Spring means hitting the backcountry on horseback for me. This past Spring was no different. In early May a very good friend of mine and I headed out for an all day ride to make sure the trails were clear for others and to get the horses in shape for summer. The trails were in great shape, not much snow left. The heat wave had melted most of it in a matter of days. The fast snow meltdown this Spring also increased the flow of water down the streams and rivers we typically cross.
After making our plan on how and where to cross a particularly treacherous area of the river we nudged our horses to step into the raging waters. My horse was bigger and stronger than my friends so he went first. Things were going great until his horse was midway across the river. Now, surrounded by rushing waters on all sides and struggling to stay on his feet, the horse turned and looked down stream. Having lost sight of the landing point on the other side of the river; the horse and my friend started stumbling and the river began to sweep them away. My friend immediately lifted the horse's head and turned it to the destination. Now, with a new focus on the landing point, the horse was able to recover and they made it safely to the other side of the river.
Before you start a new business or direction within your company, make a plan. Think through it carefully. Visualize the final outcome of this new venture. Plan for the best-case scenario and the worst-case scenario. Be clear. Be exact. Write down every detail. Remember, the plan is for you. It doesn't have to be nicely formatted and printed on expensive paper. It just has to be specific.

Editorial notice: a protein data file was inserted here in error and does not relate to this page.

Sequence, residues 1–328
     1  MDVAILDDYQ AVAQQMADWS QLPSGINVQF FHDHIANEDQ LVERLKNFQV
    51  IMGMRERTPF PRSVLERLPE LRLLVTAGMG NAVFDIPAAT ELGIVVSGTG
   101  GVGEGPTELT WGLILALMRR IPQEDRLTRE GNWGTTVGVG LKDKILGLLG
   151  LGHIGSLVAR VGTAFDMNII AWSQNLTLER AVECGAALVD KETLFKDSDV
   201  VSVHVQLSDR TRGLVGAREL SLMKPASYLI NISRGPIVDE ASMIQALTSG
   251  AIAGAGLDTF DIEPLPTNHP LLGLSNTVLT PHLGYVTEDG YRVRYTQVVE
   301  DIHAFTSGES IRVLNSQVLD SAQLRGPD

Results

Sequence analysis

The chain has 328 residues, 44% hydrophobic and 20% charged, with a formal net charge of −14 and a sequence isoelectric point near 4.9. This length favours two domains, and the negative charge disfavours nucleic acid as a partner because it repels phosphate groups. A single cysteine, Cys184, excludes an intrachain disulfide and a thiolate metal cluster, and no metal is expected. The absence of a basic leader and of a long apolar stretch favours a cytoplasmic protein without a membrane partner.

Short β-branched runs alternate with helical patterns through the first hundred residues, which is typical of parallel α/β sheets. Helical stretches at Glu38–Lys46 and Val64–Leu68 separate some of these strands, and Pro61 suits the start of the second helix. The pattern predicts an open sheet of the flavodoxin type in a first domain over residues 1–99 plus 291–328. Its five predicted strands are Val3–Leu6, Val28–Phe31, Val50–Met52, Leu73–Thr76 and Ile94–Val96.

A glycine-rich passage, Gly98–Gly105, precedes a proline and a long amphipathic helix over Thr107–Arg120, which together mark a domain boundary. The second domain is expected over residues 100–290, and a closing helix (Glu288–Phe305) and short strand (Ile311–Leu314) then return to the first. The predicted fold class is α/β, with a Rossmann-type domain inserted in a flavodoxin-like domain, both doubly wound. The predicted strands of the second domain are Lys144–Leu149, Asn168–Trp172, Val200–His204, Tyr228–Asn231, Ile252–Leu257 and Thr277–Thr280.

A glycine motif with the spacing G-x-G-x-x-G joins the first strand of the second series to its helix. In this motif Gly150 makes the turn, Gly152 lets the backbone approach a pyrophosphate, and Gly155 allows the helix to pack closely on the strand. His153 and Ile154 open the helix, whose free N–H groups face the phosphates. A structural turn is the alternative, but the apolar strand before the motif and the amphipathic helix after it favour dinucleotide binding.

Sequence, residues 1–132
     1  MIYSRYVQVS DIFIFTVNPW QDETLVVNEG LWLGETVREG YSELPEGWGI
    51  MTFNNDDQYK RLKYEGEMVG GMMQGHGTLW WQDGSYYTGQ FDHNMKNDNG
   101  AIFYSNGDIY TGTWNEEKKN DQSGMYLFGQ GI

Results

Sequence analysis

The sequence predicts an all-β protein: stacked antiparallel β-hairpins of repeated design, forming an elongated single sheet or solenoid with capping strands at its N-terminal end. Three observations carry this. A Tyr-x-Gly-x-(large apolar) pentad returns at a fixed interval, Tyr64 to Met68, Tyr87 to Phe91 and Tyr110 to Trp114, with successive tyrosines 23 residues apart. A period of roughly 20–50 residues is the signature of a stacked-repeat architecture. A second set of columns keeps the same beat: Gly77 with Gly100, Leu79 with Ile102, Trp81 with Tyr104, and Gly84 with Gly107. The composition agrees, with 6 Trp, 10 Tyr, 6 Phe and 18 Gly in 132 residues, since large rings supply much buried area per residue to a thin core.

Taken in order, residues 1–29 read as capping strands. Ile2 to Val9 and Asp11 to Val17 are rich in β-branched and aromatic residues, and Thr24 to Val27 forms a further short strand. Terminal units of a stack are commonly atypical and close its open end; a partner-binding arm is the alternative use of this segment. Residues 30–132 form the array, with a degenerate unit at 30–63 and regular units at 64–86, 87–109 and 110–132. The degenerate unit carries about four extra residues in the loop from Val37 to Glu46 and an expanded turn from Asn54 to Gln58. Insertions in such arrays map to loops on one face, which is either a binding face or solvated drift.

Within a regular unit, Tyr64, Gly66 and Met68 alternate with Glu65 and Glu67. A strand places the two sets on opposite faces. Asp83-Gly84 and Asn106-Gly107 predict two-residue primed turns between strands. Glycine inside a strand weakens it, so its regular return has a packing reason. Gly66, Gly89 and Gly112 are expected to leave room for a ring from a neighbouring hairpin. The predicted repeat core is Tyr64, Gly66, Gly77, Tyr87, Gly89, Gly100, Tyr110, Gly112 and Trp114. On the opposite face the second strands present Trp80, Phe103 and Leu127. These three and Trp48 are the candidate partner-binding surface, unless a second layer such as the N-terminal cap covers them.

Answer yourself three questions.
The Mission First, what is the mission of this new product, service, or company? Think of the mission as the purpose. Are you trying to change the way the world performs a certain task? Are you offering the world a less expensive or more efficient way to perform a task? Are you providing a service that proves to be more cost effective or thorough than someone trying to do this themselves? When you can answer one of these questions in a sentence or two; you have written your mission statement. Yes, write it down. Immediately below it, write you vision.
The Vision Your vision is nothing more than a statement of where you are going. Perhaps you are inventing a new, environmentally friendly mousetrap — your mission. Your vision could be to market and sell a portfolio of environmentally friendly rodent control products worldwide. Think big. This is not the time to worry about how you get there, but rather where you want to be. Write it down just below your Mission Statement. It should only be a sentence or two. Below your Vision Statement write your Goals.
The Goal Now that you have a clear Mission or purpose and you have a Vision of where you are going, it is time to get some details written down. Start with the bigger tasks and then break them down into smaller tasks. Goals must be measurable. I like to build a chart with four columns. The left column is the task. The next column names the person responsible for getting it done. The third column has the due date. The fourth column has the actual completion date. I also break the chart into functional areas even if I am the one doing all the tasks. For example, I may specify engineering and then list all the engineering tasks under this topic. Then marketing with all the marketing tasks listed below that title. Then sales, operations, finance, etc. You can do this in a word processor using the columns feature or in a spreadsheet. Be specific.
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